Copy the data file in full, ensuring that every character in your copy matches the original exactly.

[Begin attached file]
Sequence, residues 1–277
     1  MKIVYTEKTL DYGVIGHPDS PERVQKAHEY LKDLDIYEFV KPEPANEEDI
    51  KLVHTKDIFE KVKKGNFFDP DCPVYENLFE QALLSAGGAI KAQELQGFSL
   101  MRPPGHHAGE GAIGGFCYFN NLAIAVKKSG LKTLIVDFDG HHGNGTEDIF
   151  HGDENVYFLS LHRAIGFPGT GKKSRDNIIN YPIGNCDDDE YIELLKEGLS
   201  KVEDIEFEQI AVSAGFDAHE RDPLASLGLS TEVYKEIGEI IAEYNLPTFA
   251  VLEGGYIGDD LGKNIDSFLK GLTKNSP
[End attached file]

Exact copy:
Sequence, residues 1–277
     1  MKIVYTEKTL DYGVIGHPDS PERVQKAHEY LKDLDIYEFV KPEPANEEDI
    51  KLVHTKDIFE KVKKGNFFDP DCPVYENLFE QALLSAGGAI KAQELQGFSL
   101  MRPPGHHAGE GAIGGFCYFN NLAIAVKKSG LKTLIVDFDG HHGNGTEDIF
   151  HGDENVYFLS LHRAIGFPGT GKKSRDNIIN YPIGNCDDDE YIELLKEGLS
   201  KVEDIEFEQI AVSAGFDAHE RDPLASLGLS TEVYKEIGEI IAEYNLPTFA
   251  VLEGGYIGDD LGKNIDSFLK GLTKNSP